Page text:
Wednesday, September 2, 2015

Woodpecker attack

Am feeling a bit like Job. As if it weren't enough that the garden's been slimed this year by more fungus and bad-actor insects than I've seen in its five-year existence altogether, now comes what I believe is the downy woodpecker to set up housekeeping in our cedar pergola. This came to light at breakfast the other day. My husband said, "Oh, look! There's a beautiful woodpecker." So cute. Not long after, we discovered why this guy was hammering away - carpenter bees have moved into the pergola, causing deep holes and gouges that I guess they take naps in. If you look closely at this picture, you'll see the woodpecker - and he is beautiful - attached to the pergola with his strong claws. He pecks with a bill that's been compared to a chisel - sharp, pointed, able to penetrate not just cedar, but redwood, stucco siding, metal gutters, TV antennae and other materials. He likes to hear himself drill and, in spring, uses this "drumming" or pecking to attract a mate, defend or establish territory. Well, spring's over, pal, and from what I read, you're supposed to be gone by July 1. That is, unless you're feeding on the carpenter bees, extracting them from their beds and squishing them with your long, bristly, sticky tongue. What a way to go. So we filled up the holes with putty, only to find the woodpecker had returned the next day and dug 'em out again. Now I understand we need to attack with shaving mirrors and hawk silhouette mobiles, black plastic strips and aluminum pie tins PLUS gas cannons and air guns and loud music and banging pots and pans. Good grief! Even my super-tolerant neighbors might object to such a sensory onslaught. Or maybe not. I live in the city, where pots and pans and air guns and loud music and bone-rattling car stereos for that matter are no big whoop. But woodpeckers? What the heck do I do about them?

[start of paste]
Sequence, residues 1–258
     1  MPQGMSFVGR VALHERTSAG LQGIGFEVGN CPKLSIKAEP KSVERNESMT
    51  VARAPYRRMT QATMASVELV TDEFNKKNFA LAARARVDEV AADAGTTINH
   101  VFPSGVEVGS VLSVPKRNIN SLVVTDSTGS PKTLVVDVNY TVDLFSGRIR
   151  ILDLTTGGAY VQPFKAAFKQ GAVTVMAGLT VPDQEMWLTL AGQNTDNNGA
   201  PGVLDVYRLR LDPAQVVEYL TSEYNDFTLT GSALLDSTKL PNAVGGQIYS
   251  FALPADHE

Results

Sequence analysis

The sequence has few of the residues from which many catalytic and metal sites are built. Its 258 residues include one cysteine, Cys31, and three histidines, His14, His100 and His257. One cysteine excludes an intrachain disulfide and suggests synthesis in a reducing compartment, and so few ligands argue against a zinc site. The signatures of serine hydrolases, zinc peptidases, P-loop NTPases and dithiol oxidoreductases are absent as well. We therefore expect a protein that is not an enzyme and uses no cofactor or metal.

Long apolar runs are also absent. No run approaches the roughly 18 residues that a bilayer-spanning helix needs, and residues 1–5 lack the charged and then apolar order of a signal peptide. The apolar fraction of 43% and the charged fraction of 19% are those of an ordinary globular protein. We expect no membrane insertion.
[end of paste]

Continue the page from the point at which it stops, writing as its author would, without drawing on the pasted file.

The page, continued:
Woodpecker attack

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Rosa 'All Ablaze' blazes cherry red in Burke Brothers' Tuscany exhibit, accenting classic Italian elements with bright flowers. (Ron Tarver / Staff photographer)
Rosa 'All Ablaze' blazes cherry red in Burke Brothers' Tuscany exhibit, accenting classic Italian elements with bright flowers. (Ron Tarver / Staff photographer)

Am feeling a bit like Job. As if it weren't enough that the garden's been slimed this year by more fungus and bad-actor insects than I've seen in its five-year existence altogether, now comes what I believe is the downy woodpecker to set up housekeeping in our cedar pergola. This came to light at breakfast the other day. My husband said, "Oh, look! There's a beautiful woodpecker." So cute. Not long after, we discovered why this guy was hammering away - carpenter bees have moved into the pergola, causing deep holes and gouges that I guess they take naps in. If you look closely at this picture, you'll see the woodpecker - and he is beautiful - attached to the pergola with his strong claws. He pecks with a bill that's been compared to a chisel - sharp, pointed, able to penetrate not just cedar, but redwood, stucco siding, metal gutters, TV antennae and other materials. He likes to hear himself drill and, in spring, uses this "drumming" or pecking to attract a mate, defend or establish territory. Well, spring's over, pal, and from what I read, you're supposed to be gone by July 1. That is, unless you're feeding on the carpenter bees, extracting them from their beds and squishing them with your long, bristly, sticky tongue. What a way to go. So we filled up the holes with putty, only to find the woodpecker had returned the next day and dug 'em out again. Now I understand we need to attack with shaving mirrors and hawk silhouette mobiles, black plastic strips and aluminum pie tins PLUS gas cannons and air guns and loud music and banging pots and pans. Good grief! Even my super-tolerant neighbors might object to such a sensory onslaught. Or maybe not. I live in the city, where pots and pans and air guns and loud music and bone-rattling car stereos for that matter are no big whoop. But woodpeckers? What the heck do I do about them?  

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About this blog
Ginny Smith, a Philadelphia native, joined the Inquirer at 1985. After stints as both reporter and editor in the city and suburbs, she’s been happily writing – and learning - about gardening full time since 2006. She’s won two silver medals of achievement from the national Garden Writers Association and in 2011, Bartram’s Garden honored her with its Green Exemplar award for her stories about “the region’s deeply rooted horticultural history, cultural attractions and bountiful gardens.” She plays in her own – mostly - bountiful garden in East Falls. Reach Virginia A. at vsmith@phillynews.com .

Virginia A. Smith Inquirer Staff Writer
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